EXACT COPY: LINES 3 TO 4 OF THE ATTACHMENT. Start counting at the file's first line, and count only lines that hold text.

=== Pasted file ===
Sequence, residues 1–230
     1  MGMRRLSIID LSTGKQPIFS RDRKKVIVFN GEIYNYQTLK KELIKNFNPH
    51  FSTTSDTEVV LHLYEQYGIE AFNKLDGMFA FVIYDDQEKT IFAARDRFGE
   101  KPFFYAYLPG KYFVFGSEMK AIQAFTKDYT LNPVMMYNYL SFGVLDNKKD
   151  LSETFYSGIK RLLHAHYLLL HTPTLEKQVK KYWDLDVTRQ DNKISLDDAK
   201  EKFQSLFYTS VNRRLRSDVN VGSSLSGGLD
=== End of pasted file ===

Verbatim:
    51  FSTTSDTEVV LHLYEQYGIE AFNKLDGMFA FVIYDDQEKT IFAARDRFGE
   101  KPFFYAYLPG KYFVFGSEMK AIQAFTKDYT LNPVMMYNYL SFGVLDNKKD